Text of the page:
After our departure from the Whites in New Hampshire, we headed back to Maine and checked into the Alheim Commons Dormitory at the Wells National Estuarine Research Reserve on Saturday evening. First thing on Sunday, we headed to Wells Beach (learning can be so rough sometimes)! Upon arrival, we took some time to reflect and observe the area which is often something that we forget to do in our fast paced lives.
We noticed the sounds, smells, what we saw (whether it be man-made structures or how high the tide was), and how the sand felt between our toes or which way the wind might have been blowing. These observations helped us make conclusions as we went to three different beaches.
We talked about the significant longterm effects of man-made structures (jetties and seawalls) and how they can affect the energy or power of the waves on shoreline sediment transport, which then ultimately affects the coarseness and build up of the beach sediment. We estimated the longshore current velocity by calculating the movement of a tennis ball in the water. We concluded that the longshore current was twice as fast in the open beach at Wells and Drake’s Island compared to Crescent Beach in Cape Elizabeth. This is due to Crescent Beach having more protective barriers such as its swooping shape, reefs, and offshore sand bars which absorb some of the energy of the waves. Sand grains were finest at Crescent because the there isn’t enough wave power to bring in heavier sediments.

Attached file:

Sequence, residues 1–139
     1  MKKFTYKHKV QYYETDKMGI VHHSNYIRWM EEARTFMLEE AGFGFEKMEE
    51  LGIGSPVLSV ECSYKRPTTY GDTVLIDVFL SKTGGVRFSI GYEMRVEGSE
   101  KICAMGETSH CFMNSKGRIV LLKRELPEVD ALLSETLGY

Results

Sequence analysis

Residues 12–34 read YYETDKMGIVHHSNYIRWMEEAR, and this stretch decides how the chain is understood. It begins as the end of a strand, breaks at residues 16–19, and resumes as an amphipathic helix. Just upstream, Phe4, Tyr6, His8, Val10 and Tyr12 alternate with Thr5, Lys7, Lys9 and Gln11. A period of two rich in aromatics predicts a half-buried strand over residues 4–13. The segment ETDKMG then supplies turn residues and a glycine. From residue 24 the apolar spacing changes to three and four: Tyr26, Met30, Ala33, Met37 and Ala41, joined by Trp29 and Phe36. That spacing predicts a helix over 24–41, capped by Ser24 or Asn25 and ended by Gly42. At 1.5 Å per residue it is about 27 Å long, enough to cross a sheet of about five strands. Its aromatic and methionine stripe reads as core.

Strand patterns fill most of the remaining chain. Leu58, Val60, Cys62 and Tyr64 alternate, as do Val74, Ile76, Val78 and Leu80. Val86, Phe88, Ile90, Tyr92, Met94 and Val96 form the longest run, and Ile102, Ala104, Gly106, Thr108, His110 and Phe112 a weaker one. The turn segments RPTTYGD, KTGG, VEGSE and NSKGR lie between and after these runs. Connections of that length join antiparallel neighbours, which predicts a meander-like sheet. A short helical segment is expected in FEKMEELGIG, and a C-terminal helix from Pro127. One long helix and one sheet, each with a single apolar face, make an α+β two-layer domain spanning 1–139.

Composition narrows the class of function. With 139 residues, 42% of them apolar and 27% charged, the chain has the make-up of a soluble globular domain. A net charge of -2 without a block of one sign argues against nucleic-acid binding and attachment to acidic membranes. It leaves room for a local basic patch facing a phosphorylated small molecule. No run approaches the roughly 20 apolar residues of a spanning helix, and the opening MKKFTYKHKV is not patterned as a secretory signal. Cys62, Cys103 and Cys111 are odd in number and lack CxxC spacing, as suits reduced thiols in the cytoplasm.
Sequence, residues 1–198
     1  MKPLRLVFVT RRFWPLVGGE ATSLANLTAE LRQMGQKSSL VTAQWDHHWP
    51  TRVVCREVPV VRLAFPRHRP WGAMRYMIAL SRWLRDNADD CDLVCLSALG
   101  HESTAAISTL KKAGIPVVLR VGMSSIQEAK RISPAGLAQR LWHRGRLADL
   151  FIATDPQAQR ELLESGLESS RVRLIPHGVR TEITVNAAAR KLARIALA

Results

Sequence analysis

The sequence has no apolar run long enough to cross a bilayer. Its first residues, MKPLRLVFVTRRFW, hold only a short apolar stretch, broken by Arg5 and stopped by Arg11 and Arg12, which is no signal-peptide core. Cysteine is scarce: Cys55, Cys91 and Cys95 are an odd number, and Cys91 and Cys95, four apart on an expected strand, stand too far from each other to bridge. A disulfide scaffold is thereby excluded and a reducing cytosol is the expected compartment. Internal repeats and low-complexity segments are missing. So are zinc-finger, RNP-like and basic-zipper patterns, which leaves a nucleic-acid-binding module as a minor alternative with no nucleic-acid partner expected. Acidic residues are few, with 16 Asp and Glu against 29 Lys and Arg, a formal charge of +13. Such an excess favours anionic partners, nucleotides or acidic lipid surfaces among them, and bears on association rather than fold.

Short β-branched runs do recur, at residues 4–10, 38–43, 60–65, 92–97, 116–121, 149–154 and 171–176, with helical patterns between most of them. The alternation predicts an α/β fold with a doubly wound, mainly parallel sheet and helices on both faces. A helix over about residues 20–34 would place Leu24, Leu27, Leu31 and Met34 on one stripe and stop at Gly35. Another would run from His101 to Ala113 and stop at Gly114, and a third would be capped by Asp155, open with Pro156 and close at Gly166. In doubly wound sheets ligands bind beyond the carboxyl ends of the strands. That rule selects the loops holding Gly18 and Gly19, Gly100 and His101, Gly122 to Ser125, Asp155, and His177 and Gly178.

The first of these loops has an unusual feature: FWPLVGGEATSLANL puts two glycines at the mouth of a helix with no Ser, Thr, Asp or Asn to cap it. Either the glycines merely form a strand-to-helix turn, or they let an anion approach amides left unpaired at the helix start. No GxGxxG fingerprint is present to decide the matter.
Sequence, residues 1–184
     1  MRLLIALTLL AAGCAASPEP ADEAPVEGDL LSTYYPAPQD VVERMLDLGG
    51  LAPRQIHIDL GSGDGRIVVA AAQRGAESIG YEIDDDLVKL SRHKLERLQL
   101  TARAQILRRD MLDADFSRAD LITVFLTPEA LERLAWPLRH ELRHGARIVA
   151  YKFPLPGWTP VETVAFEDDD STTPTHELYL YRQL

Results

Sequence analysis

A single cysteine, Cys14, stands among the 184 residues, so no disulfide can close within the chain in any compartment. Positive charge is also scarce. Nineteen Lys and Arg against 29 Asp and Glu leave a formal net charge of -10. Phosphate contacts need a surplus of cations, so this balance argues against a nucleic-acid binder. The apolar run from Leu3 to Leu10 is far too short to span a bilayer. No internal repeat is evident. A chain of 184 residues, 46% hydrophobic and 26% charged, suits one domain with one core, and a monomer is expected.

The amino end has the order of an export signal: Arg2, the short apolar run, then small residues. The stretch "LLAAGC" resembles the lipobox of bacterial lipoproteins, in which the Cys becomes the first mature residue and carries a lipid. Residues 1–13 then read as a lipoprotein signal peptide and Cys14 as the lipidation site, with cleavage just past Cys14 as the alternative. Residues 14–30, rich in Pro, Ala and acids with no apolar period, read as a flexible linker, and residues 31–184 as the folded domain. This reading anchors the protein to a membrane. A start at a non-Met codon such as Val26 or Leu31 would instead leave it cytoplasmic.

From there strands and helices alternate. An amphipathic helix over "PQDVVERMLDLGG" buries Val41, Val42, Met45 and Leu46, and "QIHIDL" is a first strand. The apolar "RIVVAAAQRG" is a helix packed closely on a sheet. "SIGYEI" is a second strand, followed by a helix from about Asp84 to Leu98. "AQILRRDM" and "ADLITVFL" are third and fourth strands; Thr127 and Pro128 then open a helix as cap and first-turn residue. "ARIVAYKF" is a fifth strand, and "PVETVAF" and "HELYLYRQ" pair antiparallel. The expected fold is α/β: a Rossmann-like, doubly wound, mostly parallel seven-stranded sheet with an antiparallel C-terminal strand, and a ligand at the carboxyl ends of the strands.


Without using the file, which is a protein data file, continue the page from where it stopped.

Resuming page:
The beach is officially not just a place to get sunkissed skin and salty hair. There is A LOT going on from the moment your toes hit the sand to the point they hit the water (but of course we got some down time to get our tan on too).
— Kaitlynn Hutchins